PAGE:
Is Your Woodburning Stove Eco-Friendly?

Stoves have recently hit the headlines as potential causes of air pollution – but is this a fair criticism? Sofia Delgado looks at how to ensure your heater has the minimum impact on our environment
by Sofia Delgado
15th January 2018

Woodburning stoves have long been popular in British homes. Their appeal is rooted in design and energy efficiency.

A woodburner’s real flames offer a focal point in the room and satisfy the need for a cosy feel during the winter months, as well as potentially helping you save money by lowering household bills.

For years these appliances have been hailed as eco-friendly, gaining a big following among the environmentally conscious. However, they have recently been at the centre of controversy due to criticism by Mayor of London Sadiq Khan. The former MP has called for a ban on burning wood in the capital to minimise the pollution levels faced by the residents – but is he right to do so?

Future proofing

While burning timber does cause the release of CO2 and particulate matter, the story isn’t as simple as that. Suppliers have long been working towards producing greener stoves to improve performance and keep pollution to a minimum.

“Woodburners have progressed greatly in the last few years,” says Vicky Naylor from ACR Stoves. “Under current regulations, they are required to have minimum efficiency levels and need to be DEFRA exempt for burning wood in smoke controlled areas.”

The standards will soon be even tighter. The European Union’s Ecodesign Directive – due to be introduced in the UK in 2022 – is set to establish mandatory requirements for products to reduce energy consumption and minimise emissions. Ahead of the legislation, the Stove Industry Alliance (SIA) has launched an Ecodesign Ready label for appliances that comply with the future emission limits – 55% lower than current DEFRA exempt units.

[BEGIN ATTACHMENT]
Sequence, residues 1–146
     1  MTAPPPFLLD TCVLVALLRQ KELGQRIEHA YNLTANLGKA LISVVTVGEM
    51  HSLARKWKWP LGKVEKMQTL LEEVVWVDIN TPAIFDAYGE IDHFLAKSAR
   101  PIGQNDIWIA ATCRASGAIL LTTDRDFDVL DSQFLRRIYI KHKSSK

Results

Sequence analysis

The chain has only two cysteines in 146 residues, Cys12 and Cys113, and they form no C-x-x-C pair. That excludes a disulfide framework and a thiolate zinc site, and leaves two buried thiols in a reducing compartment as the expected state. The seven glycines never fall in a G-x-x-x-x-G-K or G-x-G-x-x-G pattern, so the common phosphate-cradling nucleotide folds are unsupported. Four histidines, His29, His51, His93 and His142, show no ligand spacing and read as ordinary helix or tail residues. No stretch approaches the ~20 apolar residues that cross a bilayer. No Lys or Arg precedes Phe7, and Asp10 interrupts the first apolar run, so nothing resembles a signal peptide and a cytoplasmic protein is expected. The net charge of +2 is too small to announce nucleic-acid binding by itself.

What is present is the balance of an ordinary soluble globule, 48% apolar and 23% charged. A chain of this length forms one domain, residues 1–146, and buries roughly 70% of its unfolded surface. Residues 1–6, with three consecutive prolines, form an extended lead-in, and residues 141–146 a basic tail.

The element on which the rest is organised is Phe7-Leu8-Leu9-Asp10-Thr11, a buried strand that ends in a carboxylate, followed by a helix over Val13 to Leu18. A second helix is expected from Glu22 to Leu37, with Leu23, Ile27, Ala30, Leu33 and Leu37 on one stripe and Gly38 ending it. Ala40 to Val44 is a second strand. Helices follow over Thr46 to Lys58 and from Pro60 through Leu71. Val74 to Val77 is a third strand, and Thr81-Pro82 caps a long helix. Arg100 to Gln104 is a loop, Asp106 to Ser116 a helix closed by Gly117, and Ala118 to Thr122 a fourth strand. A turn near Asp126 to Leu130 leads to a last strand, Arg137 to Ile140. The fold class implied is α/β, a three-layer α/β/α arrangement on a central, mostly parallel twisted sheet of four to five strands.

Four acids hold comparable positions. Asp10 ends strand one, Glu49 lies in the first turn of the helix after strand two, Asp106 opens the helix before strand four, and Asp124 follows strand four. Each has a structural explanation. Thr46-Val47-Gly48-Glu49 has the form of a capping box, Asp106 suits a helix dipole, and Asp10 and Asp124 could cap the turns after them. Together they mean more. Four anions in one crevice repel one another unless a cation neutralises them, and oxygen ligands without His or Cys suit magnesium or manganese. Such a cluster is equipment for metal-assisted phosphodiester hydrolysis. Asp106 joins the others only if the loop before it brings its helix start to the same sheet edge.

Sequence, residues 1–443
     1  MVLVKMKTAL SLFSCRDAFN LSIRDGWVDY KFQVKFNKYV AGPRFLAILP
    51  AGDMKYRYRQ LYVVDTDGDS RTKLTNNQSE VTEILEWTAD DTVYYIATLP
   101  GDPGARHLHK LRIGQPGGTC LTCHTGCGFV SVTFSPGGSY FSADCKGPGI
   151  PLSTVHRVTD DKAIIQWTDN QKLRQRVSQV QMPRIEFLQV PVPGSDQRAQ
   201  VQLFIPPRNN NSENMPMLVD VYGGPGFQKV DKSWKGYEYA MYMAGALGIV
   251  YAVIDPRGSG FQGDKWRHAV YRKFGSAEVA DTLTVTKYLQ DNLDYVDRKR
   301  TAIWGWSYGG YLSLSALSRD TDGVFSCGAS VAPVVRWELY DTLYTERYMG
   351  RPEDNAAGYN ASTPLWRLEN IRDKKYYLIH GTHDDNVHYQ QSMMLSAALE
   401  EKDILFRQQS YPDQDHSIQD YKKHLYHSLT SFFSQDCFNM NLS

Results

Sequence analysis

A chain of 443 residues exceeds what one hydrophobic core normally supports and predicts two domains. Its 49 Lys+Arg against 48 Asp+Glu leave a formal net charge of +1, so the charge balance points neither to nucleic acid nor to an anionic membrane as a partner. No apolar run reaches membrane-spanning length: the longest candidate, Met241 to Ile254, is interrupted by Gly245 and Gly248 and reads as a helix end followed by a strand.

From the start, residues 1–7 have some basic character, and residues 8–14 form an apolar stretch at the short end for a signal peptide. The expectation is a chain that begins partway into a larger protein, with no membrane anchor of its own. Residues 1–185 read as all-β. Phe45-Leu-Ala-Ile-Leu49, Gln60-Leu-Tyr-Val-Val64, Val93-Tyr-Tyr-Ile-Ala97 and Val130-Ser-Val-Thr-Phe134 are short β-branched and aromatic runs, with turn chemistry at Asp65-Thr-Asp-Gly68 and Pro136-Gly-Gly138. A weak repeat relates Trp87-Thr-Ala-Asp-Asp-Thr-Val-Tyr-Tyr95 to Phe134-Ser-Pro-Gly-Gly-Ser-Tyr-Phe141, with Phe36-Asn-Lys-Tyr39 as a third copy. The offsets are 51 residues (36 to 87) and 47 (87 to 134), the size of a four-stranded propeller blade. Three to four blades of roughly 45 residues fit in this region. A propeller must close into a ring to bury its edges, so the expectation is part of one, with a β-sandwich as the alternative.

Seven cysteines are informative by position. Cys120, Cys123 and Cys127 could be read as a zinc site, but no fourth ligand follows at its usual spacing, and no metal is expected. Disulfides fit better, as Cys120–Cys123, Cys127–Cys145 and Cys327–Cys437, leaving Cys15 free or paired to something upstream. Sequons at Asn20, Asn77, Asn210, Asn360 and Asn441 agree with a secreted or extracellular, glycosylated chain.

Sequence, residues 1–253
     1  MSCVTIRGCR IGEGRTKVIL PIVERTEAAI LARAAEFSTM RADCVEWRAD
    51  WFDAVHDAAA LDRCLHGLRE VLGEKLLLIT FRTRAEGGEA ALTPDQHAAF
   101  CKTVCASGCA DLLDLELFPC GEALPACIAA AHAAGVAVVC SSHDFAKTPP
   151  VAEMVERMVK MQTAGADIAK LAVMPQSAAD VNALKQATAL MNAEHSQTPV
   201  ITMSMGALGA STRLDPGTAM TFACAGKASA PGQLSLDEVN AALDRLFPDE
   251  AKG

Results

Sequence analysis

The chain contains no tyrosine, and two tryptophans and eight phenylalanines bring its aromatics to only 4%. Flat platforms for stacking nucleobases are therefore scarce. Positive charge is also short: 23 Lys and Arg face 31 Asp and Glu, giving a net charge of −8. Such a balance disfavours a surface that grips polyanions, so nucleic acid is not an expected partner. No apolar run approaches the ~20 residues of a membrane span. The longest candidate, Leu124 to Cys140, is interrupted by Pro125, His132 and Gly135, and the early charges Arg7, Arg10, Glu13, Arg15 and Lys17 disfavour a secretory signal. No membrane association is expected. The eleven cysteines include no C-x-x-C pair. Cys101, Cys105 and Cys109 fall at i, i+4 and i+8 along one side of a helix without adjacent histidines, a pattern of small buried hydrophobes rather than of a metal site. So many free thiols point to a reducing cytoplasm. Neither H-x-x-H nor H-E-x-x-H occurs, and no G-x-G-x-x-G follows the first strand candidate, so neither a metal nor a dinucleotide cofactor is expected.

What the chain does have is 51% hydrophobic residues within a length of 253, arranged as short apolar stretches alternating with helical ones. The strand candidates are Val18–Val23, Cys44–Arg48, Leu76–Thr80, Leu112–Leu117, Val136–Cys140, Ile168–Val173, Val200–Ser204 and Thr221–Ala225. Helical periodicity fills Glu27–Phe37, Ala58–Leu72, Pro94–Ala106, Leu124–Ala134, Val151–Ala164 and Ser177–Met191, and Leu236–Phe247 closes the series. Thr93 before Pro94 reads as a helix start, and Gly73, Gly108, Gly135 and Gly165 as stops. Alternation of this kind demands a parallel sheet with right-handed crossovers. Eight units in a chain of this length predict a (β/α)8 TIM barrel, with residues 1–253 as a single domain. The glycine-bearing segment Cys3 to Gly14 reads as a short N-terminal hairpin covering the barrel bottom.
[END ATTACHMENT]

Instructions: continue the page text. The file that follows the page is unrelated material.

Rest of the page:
This traditional inset model is by Esse, a company that now manufactures DEFRA exempt appliances
With an energy efficiency rating of 80%, the Contura 470 is completely clad in heat retaining soapstone

The targeted introduction of air at higher levels in the fire box reignites combustion particles before they can leave the stove, thus reducing pollution. “These stoves have been specially designed to better control how wood is burnt. An Ecodesign Ready model will produce 90% fewer emissions than an open fire and 80% less than a stove made10 years ago,” says Dennis Milligan from SIA.

So, how can you be sure your stove is as clean-burning and efficient as possible? There are some key elements you’ll need to consider before investing in a new appliance.

Look at your usage

When choosing the right woodburner for your home, you will need a suitably-experienced engineer to carry out the requisite heat output calculations. This is essential to ensure you don’t face cold nights at home or end up with a stove that produces too much warmth – which would defeat the goal of being energy efficient.

“It’s easy to overestimate the amount of heat required and purchase an appliance that will bask the room,” says Dennis. The output is measured in kilowatts (kW) and your engineer will take into account factors such as the room size and insulation conditions, including how draughty your home is and how much of the wall surface is glazed.

Closer look: How to improve your stove’s performance

  • Fully open the primary and airwash controls before placing the logs on the grate when you light or refuel your burner.
  • Once the flames have reached optimum level, it’s best to use large pieces of wood, as too many logs can smother the fire.
  • Refuel small quantities and often for efficient burning, as opposed to filling up the firebox with massive amounts of timber.
  • Never place logs above secondary air outlets.
  • Hardwoods, such as ash, last longer than softwoods.
  • Don’t burn at the appliance’s highest output for long periods of time as this will increase production of tars and creosote.